by Liza Roberts
photographs by Justin Cooke
On a hot, cicada-loud summer day at Tony Avent’s place, a black cat slips through the canes of a massive muscadine vine, one of 23,000 plant varieties that fill these 28 Raleigh acres.
Home to Avent’s Juniper Level Botanic Garden and his Plant Delights Nursery, it’s a lush horticultural wonderland, a grand experiment, and a monument to one man’s consuming passion.
“People are drawn here,” Avent says casually as he walks the property, as he does every day, thousands of steps from nursery to botanical garden and back again, stopping among acres of beds, 30 greenhouses, expansive research gardens, and several dozen of the world’s largest collections of perennials, to admire a plant or yank a weed. “They don’t know why they come, but they come.”
When they do, visitors are often overwhelmed with what they find – by the garden’s beauty, vastness, and abundance. This pleases Avent, who is also an award-winning author, columnist, and lecturer, and is about to turn 60. He hopes visitors will find their “neural pathways rewired” by immersion in nature. “For most people, plants are just wallpaper. Furniture. I don’t think most people realize they’re living, breathing, communicating beings.”
Avent is not most people. As a child growing up in Raleigh, he says he knew from an early age that plants were more than decorative. They spoke to him. He had his own greenhouse at 8, propagated his own plants, lingered at garden centers, and pored over the gorgeous catalogs of Wayside Gardens, a renowned South Carolina mail-order nursery. His parents eventually granted his wish to visit Wayside. But when he got there, Avent was “devastated.” The Eden he’d imagined was nowhere to be found. A young teenager at the time, Avent made a decision then that has informed his life ever since: “When I grow up, I’m going to start a mail-order nursery, and we’ll actually have a garden, and nobody will ever be disappointed when they come to visit.”
He put that plan in action in 1988 with the purchase of 2.2 acres in Garner. He turned the property into an oasis of exotic plants that could be visited as well as bought. The idea was that he would fund his botanical passions by selling what he grew, “sort of like a gambler opening a casino.” A few years later, Plant Delights was profitable enough that his plan worked: He was able to leave his day job as landscape director of the N.C. State Fairgrounds to work as a nurseryman full time, and also add another 5.5 acres. He’s been adding parcels ever since. “We’ve never gone out looking for land,” he says, “it comes to us.” He knows why: “This land was intended to be preserved.” Thanks to the success of Plant Delights (ranked among the top 7 online plant nurseries in the U.S. by Garden Design Magazine) and to a reorganization that is making his Juniper Level Botanic Garden a nonprofit, the land should get its wish.
Nothing could make him more satisfied. “I’m a kind of horticultural savant,” he says. “I’m not a normal person. I have this need to work with plants. I couldn’t have done anything else.”
The garden speaks
As he makes his way around the grounds, which hold the world’s largest collections of ferns and a dozen other kinds of plants, he points out a pond with its own floating, water-filtering island. Thanks to an intricate system of storm drains, ponds, and an aerating waterfall, Avent captures and reuses all rainwater that hits the property. “You learn so many lessons from nature if you only look,” Avent says, stooping to lift a daylily bloom. “I walk around, and the garden speaks.” It tells him where plants should go, he says; how to break the rules, when to learn new ones.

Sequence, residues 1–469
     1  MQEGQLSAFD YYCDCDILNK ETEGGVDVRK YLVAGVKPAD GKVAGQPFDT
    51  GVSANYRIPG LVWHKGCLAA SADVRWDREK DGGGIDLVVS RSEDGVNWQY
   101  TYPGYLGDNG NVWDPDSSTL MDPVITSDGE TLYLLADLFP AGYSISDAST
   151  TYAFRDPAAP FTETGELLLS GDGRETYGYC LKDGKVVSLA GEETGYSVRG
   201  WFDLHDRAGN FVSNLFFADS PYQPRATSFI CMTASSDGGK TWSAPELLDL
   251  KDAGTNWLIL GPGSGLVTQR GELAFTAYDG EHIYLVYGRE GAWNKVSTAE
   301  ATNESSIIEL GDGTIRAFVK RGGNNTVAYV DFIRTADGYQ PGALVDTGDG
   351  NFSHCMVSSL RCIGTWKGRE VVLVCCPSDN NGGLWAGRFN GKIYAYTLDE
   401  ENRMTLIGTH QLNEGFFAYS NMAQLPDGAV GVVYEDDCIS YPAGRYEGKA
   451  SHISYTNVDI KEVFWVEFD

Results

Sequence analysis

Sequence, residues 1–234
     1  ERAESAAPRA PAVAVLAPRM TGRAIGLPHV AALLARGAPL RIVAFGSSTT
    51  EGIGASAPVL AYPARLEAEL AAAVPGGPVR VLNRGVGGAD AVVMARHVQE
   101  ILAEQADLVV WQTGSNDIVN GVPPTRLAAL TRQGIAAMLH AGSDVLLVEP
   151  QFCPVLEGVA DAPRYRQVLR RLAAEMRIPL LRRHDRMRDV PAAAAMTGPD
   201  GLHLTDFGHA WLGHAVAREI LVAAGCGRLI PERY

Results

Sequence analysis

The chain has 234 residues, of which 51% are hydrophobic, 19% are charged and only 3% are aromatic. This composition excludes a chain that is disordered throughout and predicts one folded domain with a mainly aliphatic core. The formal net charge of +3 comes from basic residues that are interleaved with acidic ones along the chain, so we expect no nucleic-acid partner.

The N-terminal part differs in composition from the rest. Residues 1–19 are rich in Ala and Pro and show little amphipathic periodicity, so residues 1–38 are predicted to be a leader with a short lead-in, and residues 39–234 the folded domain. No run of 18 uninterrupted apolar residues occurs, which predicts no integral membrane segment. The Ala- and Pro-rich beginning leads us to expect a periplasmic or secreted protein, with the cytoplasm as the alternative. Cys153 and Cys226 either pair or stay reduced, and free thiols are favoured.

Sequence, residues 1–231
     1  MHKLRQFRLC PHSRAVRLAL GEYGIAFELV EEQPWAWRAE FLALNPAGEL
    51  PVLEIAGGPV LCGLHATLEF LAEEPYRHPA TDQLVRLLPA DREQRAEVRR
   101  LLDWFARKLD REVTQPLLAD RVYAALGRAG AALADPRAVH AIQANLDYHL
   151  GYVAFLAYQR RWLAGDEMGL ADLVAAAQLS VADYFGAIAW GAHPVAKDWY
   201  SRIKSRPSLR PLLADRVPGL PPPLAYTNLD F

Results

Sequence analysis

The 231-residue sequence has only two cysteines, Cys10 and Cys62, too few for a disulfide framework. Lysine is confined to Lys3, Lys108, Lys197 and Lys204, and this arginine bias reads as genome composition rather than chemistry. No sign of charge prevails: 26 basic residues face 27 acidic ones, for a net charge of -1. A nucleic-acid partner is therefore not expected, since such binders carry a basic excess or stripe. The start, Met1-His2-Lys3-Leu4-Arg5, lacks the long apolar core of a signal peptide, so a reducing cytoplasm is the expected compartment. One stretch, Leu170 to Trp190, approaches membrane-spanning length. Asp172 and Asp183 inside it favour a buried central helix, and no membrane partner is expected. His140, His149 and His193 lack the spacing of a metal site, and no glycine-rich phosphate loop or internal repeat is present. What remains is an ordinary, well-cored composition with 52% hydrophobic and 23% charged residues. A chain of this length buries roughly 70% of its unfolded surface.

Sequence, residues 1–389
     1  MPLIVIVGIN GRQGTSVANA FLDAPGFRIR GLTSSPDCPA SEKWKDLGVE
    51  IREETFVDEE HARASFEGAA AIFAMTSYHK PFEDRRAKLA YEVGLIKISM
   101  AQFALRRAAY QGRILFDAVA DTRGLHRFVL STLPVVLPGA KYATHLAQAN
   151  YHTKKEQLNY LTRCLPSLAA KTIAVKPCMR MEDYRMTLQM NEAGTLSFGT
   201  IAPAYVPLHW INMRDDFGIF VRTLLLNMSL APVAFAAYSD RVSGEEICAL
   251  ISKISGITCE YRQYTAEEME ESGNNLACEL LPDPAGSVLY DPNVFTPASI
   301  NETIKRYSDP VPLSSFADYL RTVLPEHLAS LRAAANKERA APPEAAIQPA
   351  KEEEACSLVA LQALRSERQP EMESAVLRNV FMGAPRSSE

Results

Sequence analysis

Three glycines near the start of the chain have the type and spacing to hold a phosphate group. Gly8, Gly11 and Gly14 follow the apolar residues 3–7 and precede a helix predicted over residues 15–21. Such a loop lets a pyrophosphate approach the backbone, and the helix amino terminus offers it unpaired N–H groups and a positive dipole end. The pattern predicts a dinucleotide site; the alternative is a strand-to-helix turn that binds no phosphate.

Around him, a small army of garden workers go about their business: A man in a pith helmet drives a golf cart filled with root-wrapped perennials, women in gardening gloves tend to canopied hosta beds, plant propagators and mail-order fulfillers go in and out of greenhouses. “We are all the garden,” he says. “The garden is us. There is one energy.”
Avent’s wife and business partner, Anita, walks with him. She shares his mindset, his passion, and his iconoclasm. A student of Eastern religions and a teacher of mindfulness and non-duality, she and Tony knew each other in the fourth grade at Lacy Elementary School in Raleigh and re-met online a few years ago. Tony’s first wife Michelle had died a year-and-a-half earlier, and Anita was divorced. They had an immediate connection. “This was supposed to happen,” Tony says now. “I think if you’re tuned into that, you just naturally pick up on it when it happens.” When Anita began teaching him about “the one-ness of the universe,” he says, “it made me understand a lot of things I felt, but didn’t have words for.” Anita smiles. “He gets me and I get him,” she says. “And we’re not easy to understand.”
Their mutual appreciation of nature isn’t hard to grasp. “The garden is a teacher for us,” Anita says. “The perfect example of equanimity. A sermon, a metaphor, and a love letter all in one.” Her appreciation for Tony and his work is more than poetic – she has helped him reorganize his business; separate the botanic garden from the nursery; set up a foundation for the botanic garden; and get his massive catalogs written and edited. She’s also working with him on a book about the garden that will be published in 2018. “We’re like Felix and Oscar,” she says. “I’m Felix, he’s Oscar.” The Frank Harmon-designed house they are building on the edge of the property is one of the famed, recently-retired architect’s last residential projects. The Avents plan to move in at the end of this month.